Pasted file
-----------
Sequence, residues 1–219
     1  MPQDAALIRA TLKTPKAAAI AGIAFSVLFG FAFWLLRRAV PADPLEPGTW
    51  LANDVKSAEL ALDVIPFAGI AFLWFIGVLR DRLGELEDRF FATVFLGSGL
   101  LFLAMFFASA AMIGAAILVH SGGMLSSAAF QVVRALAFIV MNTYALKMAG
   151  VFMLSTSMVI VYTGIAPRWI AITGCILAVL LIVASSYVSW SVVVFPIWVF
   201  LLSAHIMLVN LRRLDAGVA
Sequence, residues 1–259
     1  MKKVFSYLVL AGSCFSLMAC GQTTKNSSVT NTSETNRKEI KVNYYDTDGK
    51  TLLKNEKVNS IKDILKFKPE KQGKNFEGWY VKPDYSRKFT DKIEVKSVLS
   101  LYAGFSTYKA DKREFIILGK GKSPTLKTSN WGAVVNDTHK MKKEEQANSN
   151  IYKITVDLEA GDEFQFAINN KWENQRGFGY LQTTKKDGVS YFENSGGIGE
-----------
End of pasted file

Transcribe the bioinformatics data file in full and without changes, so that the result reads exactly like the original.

Sequence, residues 1–219
     1  MPQDAALIRA TLKTPKAAAI AGIAFSVLFG FAFWLLRRAV PADPLEPGTW
    51  LANDVKSAEL ALDVIPFAGI AFLWFIGVLR DRLGELEDRF FATVFLGSGL
   101  LFLAMFFASA AMIGAAILVH SGGMLSSAAF QVVRALAFIV MNTYALKMAG
   151  VFMLSTSMVI VYTGIAPRWI AITGCILAVL LIVASSYVSW SVVVFPIWVF
   201  LLSAHIMLVN LRRLDAGVA
Sequence, residues 1–259
     1  MKKVFSYLVL AGSCFSLMAC GQTTKNSSVT NTSETNRKEI KVNYYDTDGK
    51  TLLKNEKVNS IKDILKFKPE KQGKNFEGWY VKPDYSRKFT DKIEVKSVLS
   101  LYAGFSTYKA DKREFIILGK GKSPTLKTSN WGAVVNDTHK MKKEEQANSN
   151  IYKITVDLEA GDEFQFAINN KWENQRGFGY LQTTKKDGVS YFENSGGIGE